Voucherify Under the Hood: Tomasz Sikora and His Path to a Stable Platform
How did you start at Voucherify?
Although today I am responsible for SRE, my beginnings at Voucherify go back to 2014, the very first days of the company. At the start, I worked on various projects for European startups. During the first years, we have learned a lot about creating products from scratch.
Two projects that I remember are Kisi and ShareIQ. The first, Kisi, was about keyless locks opened with a mobile app. ShareIQ, in turn, was a product that detected unauthorized use of photos. Their platform crawled the web and scanned graphic files. Then, an algorithm generated a hash and identified copies (even if the photo was edited, e.g., it had different colors or was a mirror image).
This platform also collected information about who first and where posted a given photo (e.g., on social media). ShareIQ created a distribution map that showed where the photo was further shared, by whom and on which portals.
Global brands that wanted to reach influencers who promoted their products were some of the ShareIQ's clients. Another use was to spot scammers using original photos to sell counterfeit products.
The product had very experienced founders and it is no wonder that in just 2 years it was sold to the giant of the media monitoring market, Cision.
That’s some fast growth – what do you remember the most about this project?
On a more personal level, one of the best experiences with ShareIQ was recruitment. They organized a 2-day hackathon in Berlin, which they invited me to. It was actually the only hackathon after which I came back with more energy than before leaving.
The whole experience was rounded off by a beautiful sunset on the flight home.
Then it was time to work on your own product. What was your role in Voucherify early days?
The first version of Voucherify was based on a client’s idea (more information in this article). We started building the skeleton on an internal hackathon. Later, we involved more programmers in the development. I joined the project about a year after the hackathon. I immediately started to stick my nose everywhere I could. I was building backend and software architecture, frontend and developing deployment processes – in short, everything that was needed to get new customers and ensure that downtime did not cause them to cancel the subscription.
I quickly felt like a part of the team. When I joined the company, the team was only several people, most of whom I already knew from previous projects. A close-knit team translated into efficiency and speedy delivery from the very beginning – and it has remained so until today.
What are you currently doing at Voucherify?
Now I mainly deal with site reliability, so ensuring that the platform is scalable and stable. My goal is to prevent the team from waking up at night to bring the platform back to life in case of some downtime. I also have to ensure platform scalability, so address potential performance issues in advance.
In many cases, this requires rewriting and correcting current solutions, addressing technical debt or building scalable solutions in place of what we once coded in a Spartan way.
We often work starting with MVPs and when the platform has greater usage or a given solution is more popular, the given functionality is no longer sufficient and needs to be improved. One of the recent improvements with a capital "I" was the move from MongoDB to Postgres, for example.
Most developers complain about technical debt and fixing the mess left by someone else. Aren’t you bored of such work?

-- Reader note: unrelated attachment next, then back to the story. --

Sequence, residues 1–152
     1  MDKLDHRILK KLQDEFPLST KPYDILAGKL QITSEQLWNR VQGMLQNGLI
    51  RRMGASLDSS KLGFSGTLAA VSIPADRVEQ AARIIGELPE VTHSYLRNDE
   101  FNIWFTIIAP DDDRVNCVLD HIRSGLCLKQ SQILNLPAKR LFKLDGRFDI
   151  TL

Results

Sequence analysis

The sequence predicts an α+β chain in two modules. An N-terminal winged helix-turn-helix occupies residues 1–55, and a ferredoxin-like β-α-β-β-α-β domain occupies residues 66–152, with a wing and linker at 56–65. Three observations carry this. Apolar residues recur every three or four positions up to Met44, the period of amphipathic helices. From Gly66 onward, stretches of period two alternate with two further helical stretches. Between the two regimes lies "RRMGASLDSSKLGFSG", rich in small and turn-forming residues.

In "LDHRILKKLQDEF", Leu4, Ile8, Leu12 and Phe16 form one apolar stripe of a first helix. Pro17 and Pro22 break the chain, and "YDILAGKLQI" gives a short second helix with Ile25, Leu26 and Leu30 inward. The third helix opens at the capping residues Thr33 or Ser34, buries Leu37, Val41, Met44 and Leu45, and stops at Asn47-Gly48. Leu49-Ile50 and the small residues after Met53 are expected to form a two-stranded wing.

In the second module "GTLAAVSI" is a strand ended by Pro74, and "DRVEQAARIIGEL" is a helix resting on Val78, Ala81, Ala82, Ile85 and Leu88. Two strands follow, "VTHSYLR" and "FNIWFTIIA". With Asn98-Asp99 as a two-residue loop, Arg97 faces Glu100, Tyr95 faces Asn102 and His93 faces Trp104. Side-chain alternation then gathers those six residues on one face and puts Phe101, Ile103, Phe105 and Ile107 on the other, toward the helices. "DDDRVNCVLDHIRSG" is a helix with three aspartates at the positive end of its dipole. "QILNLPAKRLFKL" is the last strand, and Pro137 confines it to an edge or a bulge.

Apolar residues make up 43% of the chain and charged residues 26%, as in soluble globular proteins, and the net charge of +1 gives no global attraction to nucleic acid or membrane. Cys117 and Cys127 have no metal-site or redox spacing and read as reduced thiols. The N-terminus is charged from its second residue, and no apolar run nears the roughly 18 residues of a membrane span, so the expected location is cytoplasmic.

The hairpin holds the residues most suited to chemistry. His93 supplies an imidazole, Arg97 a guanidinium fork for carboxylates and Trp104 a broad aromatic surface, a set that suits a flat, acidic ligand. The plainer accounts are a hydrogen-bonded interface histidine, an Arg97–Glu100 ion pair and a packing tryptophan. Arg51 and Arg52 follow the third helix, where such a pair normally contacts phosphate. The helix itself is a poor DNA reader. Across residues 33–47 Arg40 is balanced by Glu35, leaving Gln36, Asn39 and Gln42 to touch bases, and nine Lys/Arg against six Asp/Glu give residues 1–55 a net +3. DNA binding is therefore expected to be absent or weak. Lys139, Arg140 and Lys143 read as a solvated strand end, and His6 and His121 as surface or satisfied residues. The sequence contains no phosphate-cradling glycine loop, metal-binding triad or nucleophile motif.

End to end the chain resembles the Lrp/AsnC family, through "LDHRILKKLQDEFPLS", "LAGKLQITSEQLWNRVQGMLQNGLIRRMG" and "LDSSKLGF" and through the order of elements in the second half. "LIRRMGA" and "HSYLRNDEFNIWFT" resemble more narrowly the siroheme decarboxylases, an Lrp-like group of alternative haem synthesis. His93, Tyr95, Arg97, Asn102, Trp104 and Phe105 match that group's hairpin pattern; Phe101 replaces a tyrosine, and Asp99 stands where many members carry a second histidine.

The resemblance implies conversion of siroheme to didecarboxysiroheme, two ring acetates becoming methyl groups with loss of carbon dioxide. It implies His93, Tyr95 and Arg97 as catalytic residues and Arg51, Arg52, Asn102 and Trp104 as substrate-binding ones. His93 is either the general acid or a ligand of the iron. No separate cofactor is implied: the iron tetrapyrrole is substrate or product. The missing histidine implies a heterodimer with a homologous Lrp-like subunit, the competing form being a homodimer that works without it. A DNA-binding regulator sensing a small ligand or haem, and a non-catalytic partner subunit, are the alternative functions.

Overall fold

Complaining about the work of others and bugs in the code are the bread and butter of developers. I also sometimes complain about the work of my colleagues (and also my own!) However, you have to realize that no one will ever write a perfect code that will be wonderful, beautiful, win a Nobel Prize, and will never need to be improved.
On the other hand, pragmatism and building quick solutions makes sense. It is not worth it to build an extensive solution from the beginning, if you don’t know the scale, and the only thing you know is that the client needs a given function already. After all, the most valuable code is the one that makes you money.
The same principle applies to infrastructure, which should naturally grow with the platform. At the beginning, our platform used only Heroku, later as we grew, we moved to AWS.
Most of our technical debt and problems aren't caused by "bad code," although bugs can happen to anyone. Most bugs (95% of cases) are caught with code reviews. The remaining 5% may go to production.
Our technical debt mainly results from how we solved a given problem earlier, and we did it pragmatically, i.e. we covered only a small part of the functionality that could be tested in the production environments and made sure that it was useful for the client.
Previously, such a solution was sufficient, but now, due to the growing scale and more demanding customers, it is no longer the case.
What are your plans as the head of the SRE department?
I would like to continue to influence the platform development, trying to satisfy future clients. I would also like to develop Voucherify focusing on the scale that we will have in a few months or years. To have a strategic approach to platform development, not only to solve current SRE problems and fight fires. It just so happens that with over 300 clients and the growing number of requests per minute, the platform requires me to plan long-term and set proper fire protection in place.
It is worth mentioning that our platform currently operates in 6 different regions (we currently have 14 clusters). We are constantly improving, but at the same time we try to simplify the process of implementing new changes to the platform and infrastructure.